Isn't She Lovely Page 30

“Ah, lovely. And your mother?”

“She’s dead.”

Stephanie says the word so quietly, so easily, that it takes the rest of us at the table a second to register it.

Holy shit.

I’d sort of figured she wasn’t from one big happy family, but I didn’t realize we were dealing with death. Suddenly I feel like the worst kind of ass for going on about my parents. At least I have both of them.

I sort of forget about my dad’s naïveté and my mom’s affair as my eyes lock on Stephanie’s face. Her eyes are sad but also resigned, and I’ve got this crushing urge to wipe that haunted look from her face.

I also have a billion questions. Like was it her mother’s death that started the whole hate-the-world thing she has going on? I also kind of want to ask why she didn’t tell me.

Shit. And now I’m asking myself why I even care that she didn’t tell me.

But the questions will have to wait until after this hellish dinner. Because this is definitely the sort of thing I should already know about my “girlfriend.”

“You poor thing,” my mom says, giving Stephanie a sad smile.

Stephanie lifts one shoulder, and for a second it’s like she’s the old Stephanie again: angry, defensive, and sullen. No, not the old Stephanie. The real Stephanie. She’s so damn good at this nice-girl routine that I keep forgetting that beneath the soft clothing and makeup she’s hard as nails.

My parents exchange a glance, and by silent agreement my dad swiftly changes the subject back to his favorite topic: work. His work.

Stephanie’s polite, asks all the right questions, and laughs at the right spots in his tired stories. And somehow we get through dinner and dessert without my parents catching on to the fact that we’re not exactly in love.

I think we’ve made it successfully through the first round of our Pygmalion experiment, but it’s like my mom secretly knows we need more villainess material for our screenplay, because she follows me into the foyer when I go to fetch Stephanie’s bag.

“I just wanted to let you know I won’t tell the Middletons about this,” she says in a quiet undertone.

“Tell the Middletons about what?” I play dumb.

She presses her lips together. “About your new fling.”

I shrug. “Go ahead and tell them. Also, I’m bringing her to Paige’s wedding, so maybe by then you can stop bringing up Olivia in front of her.”

Mom studies me. “Paige’s wedding isn’t for a couple of weeks.”


She gives a brittle smile. “Well, how do you know that you and Stephanie will still be seeing each other?”

“I just know.”

“Ethan …” My mom places a hand on my arm and I look away, because she really does look distressed, and deep down I know she wants me to be happy. “This Stephanie seems like a nice enough girl, but you and Olivia—”

“Are over, Mom.”

“But why? You were always so happy together.”

Were we?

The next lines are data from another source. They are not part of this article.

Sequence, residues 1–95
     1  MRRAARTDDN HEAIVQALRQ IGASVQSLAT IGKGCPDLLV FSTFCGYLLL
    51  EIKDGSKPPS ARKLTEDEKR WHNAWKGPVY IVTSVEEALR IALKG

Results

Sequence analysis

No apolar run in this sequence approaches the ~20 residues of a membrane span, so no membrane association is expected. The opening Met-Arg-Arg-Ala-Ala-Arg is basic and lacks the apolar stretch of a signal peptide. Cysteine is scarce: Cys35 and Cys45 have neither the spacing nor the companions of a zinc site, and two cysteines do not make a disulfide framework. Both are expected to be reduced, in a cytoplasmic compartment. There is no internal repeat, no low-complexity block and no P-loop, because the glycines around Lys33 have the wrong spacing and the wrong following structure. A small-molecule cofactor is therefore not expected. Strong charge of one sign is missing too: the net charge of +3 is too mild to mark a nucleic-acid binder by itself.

I mean, we were content, sure. Up until the end, we were also drama free, and I know enough other females to be aware how unusual that was. So yeah, I guess we were happy. Enough.

But then things imploded. And does my heart feel like it belongs in a boy-band ballad about being brokenhearted?


I start to head back toward the living room, where Stephanie’s talking with my dad, but I stop and turn back to my mom.

“Why is it so important to you that I reconnect with Olivia? What’s it even have to do with you?”

My mom blinks, as though surprised by the question. “I just … I thought … I want you to be happy.”

“I am happy, Mom. With Stephanie.”

Apparently I’m better at this whole charade thing than even I knew, because the words are out before I even have a chance to think them.

My mom holds up her hands in surrender. “Okay, okay. You’re young; I guess I should expect that you’d want to play the field.”

I meet her eyes. “Is playing the field limited to the young?”

Her back stiffens slightly as she squares her shoulders. “What is that supposed to mean, Ethan?”

“You know what it means,” I mutter.

And then I walk away.

I know I should have the balls to just talk to her about it. To confront her about what I saw.

But I don’t know how to have the conversation. Don’t know how to tell her I saw her with Mike senior that day. Don’t know how to tell her that I know she’s having an affair with my best friend’s dad.

Someday maybe I’ll be able to laugh at the farcical fortuity of learning about my mother and Olivia in the same day. Hell, in the same hour.

That someday is not today.

Today I do not feel like laughing.

“You ready?” I ask Stephanie, itching to get out of this house.

My dad winks at Stephanie. “My boy wants to get you home.”

I search my dad’s expression, trying to determine if his choice of words is intentional. I haven’t exactly told them that Stephanie and I are living together, and although they’re not prudes, they’re old-school enough that I don’t exactly want to advertise the fact that we’re shacking up. Although this is the first time in my life that I actually hope my parents mistakenly believe that I am sleeping with a girl, rather than her being a 110 percent platonic roommate—a living arrangement that I suspect is going to be the death of me.

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